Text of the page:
Effect of light on hypericins contents in fresh flowering top parts and in an extract of St. John's Wort (Hypericum perforatum).Planta Med. 2001 Apr; 67(3):254-9.PM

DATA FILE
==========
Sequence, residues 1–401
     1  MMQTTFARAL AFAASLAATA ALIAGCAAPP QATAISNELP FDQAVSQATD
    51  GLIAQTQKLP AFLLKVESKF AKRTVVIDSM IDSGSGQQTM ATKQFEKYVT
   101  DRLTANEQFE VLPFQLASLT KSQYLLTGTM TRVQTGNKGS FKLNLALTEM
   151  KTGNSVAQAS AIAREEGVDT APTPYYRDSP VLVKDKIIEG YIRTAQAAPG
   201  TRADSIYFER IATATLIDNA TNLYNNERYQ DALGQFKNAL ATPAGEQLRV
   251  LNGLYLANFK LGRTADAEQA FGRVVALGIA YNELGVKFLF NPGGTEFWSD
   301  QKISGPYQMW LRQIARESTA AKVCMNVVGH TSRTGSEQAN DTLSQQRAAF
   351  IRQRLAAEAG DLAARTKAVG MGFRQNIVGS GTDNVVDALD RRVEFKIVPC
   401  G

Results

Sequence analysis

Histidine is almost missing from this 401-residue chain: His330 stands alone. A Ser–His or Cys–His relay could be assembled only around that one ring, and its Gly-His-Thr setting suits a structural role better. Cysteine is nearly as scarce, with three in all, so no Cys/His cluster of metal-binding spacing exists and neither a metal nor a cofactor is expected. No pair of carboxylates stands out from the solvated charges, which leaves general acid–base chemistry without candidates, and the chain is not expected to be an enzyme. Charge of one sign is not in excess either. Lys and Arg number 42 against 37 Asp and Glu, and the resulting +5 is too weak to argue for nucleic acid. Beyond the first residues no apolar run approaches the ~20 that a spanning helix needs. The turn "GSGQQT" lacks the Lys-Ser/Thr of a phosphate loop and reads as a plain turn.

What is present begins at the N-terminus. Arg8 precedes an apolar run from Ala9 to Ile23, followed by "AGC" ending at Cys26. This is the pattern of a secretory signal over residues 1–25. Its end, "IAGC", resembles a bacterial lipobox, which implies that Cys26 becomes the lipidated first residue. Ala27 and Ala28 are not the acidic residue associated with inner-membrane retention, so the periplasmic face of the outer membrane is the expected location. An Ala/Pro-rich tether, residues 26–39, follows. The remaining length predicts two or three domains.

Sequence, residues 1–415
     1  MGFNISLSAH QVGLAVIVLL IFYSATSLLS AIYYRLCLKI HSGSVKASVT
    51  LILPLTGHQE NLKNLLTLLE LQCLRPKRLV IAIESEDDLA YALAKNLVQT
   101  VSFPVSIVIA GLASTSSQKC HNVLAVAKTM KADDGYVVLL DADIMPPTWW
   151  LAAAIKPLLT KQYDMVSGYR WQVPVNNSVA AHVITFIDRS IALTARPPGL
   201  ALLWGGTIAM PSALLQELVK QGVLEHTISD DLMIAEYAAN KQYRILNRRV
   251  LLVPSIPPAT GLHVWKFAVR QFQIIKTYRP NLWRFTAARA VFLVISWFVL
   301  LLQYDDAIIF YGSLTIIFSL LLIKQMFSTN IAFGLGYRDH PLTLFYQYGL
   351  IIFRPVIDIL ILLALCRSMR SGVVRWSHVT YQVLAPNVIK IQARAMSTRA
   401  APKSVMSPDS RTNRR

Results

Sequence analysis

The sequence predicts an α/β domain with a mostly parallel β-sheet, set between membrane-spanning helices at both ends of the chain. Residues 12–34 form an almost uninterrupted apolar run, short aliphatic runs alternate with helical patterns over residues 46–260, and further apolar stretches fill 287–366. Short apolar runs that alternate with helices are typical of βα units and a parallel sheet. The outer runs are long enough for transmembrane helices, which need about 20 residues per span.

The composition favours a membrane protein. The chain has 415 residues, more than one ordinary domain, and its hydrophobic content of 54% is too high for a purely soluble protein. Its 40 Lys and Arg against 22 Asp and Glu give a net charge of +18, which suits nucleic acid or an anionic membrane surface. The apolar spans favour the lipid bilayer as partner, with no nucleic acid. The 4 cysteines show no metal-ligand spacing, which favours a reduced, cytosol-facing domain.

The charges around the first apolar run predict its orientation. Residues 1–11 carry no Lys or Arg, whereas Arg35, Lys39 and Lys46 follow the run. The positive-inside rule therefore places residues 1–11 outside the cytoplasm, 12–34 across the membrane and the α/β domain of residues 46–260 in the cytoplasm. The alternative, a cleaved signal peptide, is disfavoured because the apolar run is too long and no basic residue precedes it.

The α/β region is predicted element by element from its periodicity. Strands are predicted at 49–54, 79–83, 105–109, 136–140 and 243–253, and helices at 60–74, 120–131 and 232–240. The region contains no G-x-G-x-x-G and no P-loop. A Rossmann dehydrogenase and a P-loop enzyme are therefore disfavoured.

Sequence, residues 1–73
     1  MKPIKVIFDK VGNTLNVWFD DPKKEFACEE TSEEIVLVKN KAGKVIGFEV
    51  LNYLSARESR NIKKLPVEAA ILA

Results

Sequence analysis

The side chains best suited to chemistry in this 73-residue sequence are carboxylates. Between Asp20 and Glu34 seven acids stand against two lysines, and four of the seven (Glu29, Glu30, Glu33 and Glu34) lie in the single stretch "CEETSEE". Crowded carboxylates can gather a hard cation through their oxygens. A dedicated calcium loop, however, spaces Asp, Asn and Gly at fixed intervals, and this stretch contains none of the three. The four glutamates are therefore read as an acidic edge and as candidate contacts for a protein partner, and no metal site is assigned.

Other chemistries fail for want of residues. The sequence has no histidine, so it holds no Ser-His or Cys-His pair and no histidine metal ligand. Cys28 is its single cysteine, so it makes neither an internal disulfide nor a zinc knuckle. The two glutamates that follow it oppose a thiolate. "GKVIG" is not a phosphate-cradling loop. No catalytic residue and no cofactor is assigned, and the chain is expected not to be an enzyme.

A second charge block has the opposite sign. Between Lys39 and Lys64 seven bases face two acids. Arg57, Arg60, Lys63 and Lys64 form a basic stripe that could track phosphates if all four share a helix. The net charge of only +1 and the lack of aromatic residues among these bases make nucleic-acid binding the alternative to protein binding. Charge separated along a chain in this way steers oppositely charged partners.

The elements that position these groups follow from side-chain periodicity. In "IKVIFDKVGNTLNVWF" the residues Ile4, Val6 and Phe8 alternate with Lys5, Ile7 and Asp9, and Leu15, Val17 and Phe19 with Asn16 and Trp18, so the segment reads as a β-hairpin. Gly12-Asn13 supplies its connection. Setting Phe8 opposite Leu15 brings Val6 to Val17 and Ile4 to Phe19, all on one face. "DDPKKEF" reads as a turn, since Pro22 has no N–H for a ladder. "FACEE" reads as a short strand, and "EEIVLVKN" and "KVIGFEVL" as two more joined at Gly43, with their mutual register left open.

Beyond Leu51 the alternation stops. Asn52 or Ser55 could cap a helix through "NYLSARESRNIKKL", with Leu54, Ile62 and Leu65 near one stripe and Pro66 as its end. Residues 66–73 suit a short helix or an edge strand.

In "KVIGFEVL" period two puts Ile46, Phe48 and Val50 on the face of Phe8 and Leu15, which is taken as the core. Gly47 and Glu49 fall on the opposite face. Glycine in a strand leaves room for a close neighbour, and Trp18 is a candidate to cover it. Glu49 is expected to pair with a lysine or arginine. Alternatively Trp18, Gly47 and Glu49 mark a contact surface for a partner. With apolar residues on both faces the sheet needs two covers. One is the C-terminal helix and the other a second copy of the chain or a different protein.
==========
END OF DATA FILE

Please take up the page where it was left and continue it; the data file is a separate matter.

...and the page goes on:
St. John's Wort is a medicinal plant increasingly used for its antidepressive activity. Hypericins are considered as one of the compounds contributing to the activity of the extract. These naphthodianthrones exist in various forms in Hyperici herba. Protopseudohypericin and protohypericin (protopigments) are converted into pseudohypericin and hypericin (pigments) under the action of light. The aim of this work is to study the influence of light on the phototransformation of protopigments into pigments. Two experiments were carried out. The studies were performed on one hand, on plant material in order to know the proportion of these substances in various plant parts and the possibility of transforming the protopigments into pigments under the action of sunlight; on the other hand, in the extract to determine the optimal wavelength allowing this transformation. Three parts of the fresh plant (buds, flowers, leaves) were treated with sunlight on three levels of exposure. Liquid extracts were exposed to various types of light with wavelengths ranging between 480 and 660 nm by means of diodes. The flowering tops of St. John's Wort contain a share of approximately 30% hypericins in the form of protopseudohypericin and protohypericin: buds (48%), flowers (30%), leaves (17%). After an exposure of fresh buds to sunlight for 16 hours the share of protopigments was then 32%. In the extract, the transformation of the protopigments is total and requires less energy than in the plant material. The optimal wavelength for the transformation of the protopigments in the extract is around 515 nm (green), close to the optimum absorption level of protopigments.